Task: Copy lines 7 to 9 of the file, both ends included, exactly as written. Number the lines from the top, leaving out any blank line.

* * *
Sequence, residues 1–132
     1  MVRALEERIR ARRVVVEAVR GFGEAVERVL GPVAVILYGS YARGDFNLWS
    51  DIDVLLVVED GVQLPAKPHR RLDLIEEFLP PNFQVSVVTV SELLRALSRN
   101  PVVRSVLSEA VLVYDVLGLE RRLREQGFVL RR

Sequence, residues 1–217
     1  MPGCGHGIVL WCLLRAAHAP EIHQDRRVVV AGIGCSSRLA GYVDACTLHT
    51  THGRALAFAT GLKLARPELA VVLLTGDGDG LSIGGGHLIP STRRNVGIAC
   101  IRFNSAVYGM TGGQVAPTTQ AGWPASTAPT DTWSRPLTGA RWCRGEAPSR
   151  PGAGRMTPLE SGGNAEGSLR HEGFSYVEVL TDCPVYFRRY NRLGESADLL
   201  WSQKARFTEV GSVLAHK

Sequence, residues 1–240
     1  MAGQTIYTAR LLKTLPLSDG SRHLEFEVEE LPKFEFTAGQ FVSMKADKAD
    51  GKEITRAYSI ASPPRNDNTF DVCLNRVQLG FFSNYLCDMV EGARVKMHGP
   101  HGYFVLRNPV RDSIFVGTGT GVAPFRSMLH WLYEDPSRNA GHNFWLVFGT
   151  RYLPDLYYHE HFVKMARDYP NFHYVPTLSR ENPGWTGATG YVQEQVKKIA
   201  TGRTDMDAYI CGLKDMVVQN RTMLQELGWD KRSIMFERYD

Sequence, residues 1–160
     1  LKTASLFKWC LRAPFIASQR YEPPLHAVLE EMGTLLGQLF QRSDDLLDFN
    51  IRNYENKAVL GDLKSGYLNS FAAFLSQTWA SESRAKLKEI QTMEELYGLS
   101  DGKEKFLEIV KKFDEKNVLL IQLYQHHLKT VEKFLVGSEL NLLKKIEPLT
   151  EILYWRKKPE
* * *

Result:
    51  THGRALAFAT GLKLARPELA VVLLTGDGDG LSIGGGHLIP STRRNVGIAC
   101  IRFNSAVYGM TGGQVAPTTQ AGWPASTAPT DTWSRPLTGA RWCRGEAPSR
   151  PGAGRMTPLE SGGNAEGSLR HEGFSYVEVL TDCPVYFRRY NRLGESADLL